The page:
When Does Food Go Bad?
Out-of-date food is the last thing you want to consume, but how do you know if something is spoiled? And what’s the difference between those “sell by,” “eat by,” “best by,” and “use by” date labels? The date stamped on the packaging doesn’t always give you a clear indicator of when the food will go bad. Produce, canned goods, and meats all ripen and spoil at their own rates, and different environmental factors can impact those rates as well. That means the date you think you need to follow isn’t always the most reliable guideline.
If you want to know how long the vegetables you bought last week are safe to eat or if the salmon smells because it’s bad or simply because it’s fish, then you need to know the general rules for shelf life. Otherwise, your food could go bad before the date on the packaging or still be perfectly safe to eat despite the date of expiry.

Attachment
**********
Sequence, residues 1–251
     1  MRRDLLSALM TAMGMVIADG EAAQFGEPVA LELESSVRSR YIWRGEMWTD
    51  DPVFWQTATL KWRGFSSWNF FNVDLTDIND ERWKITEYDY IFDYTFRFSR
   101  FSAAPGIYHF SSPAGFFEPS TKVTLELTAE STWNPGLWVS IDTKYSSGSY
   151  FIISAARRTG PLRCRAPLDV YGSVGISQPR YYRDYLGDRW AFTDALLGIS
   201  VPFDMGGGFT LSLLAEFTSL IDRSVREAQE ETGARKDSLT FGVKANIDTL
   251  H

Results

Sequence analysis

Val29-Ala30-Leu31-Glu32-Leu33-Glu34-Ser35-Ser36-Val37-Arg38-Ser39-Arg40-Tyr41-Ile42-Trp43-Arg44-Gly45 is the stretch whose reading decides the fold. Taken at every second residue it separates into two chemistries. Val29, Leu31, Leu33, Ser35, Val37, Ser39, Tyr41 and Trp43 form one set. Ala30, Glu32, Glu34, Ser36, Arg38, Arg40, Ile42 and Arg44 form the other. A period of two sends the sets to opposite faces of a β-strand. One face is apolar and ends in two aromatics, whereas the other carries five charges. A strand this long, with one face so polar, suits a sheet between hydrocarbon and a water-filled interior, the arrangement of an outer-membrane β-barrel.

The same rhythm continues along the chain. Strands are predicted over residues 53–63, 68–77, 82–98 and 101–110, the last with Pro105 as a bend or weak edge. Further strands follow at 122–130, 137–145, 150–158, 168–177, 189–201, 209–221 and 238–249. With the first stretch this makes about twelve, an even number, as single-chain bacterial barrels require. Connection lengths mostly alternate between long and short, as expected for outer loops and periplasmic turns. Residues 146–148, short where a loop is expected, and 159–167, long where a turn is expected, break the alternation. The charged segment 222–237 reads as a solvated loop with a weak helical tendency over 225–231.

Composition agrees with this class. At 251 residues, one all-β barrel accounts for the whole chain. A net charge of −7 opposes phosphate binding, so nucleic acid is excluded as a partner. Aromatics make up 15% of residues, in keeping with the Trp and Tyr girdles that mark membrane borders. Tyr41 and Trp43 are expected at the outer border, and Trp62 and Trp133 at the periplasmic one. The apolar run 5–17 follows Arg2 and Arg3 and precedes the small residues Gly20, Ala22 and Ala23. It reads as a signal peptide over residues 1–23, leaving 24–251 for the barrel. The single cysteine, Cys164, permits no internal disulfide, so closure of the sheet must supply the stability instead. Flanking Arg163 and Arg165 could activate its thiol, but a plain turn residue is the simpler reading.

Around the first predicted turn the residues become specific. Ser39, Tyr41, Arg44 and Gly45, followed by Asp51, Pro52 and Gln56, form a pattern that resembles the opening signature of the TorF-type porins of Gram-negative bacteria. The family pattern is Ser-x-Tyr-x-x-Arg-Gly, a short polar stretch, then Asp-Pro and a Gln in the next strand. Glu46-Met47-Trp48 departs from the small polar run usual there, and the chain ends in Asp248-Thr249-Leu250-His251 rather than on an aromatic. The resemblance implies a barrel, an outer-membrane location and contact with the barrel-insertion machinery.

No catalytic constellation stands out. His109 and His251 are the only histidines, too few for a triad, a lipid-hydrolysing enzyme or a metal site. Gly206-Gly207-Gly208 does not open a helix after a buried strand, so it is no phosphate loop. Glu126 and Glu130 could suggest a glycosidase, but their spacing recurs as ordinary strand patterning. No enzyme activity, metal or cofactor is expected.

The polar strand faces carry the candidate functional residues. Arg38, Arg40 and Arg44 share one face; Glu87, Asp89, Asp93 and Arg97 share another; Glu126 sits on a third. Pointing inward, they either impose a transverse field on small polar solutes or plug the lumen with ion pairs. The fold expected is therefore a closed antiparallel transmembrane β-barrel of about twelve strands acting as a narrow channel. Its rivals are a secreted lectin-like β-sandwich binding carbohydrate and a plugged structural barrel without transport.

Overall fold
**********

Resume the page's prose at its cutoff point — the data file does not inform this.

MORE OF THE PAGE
Don’t disregard foods just because of that “eat by” date. It turns out the expiration dates on food aren’t always as black and white as they seem. Instead of using a taste test to determine if the questionable food in your fridge is safe, use this helpful infographic as a guideline. It’ll save you and your family some time and money from wasting food.
And remember: The number one way to make sure your food doesn’t go bad prematurely is to keep it stored properly and avoid leaving it in undesirable environments. If something spoils easily, make sure you keep it refrigerated and never leave it sitting out on the counter. Research which produce is best kept in the fridge, in a dark cabinet, or out on the counter. That way you don’t end up accidentally spoiling the food before you can eat it. How you take care of your food is more important than those digits stamped across the package.
Last modified on January 15th, 2019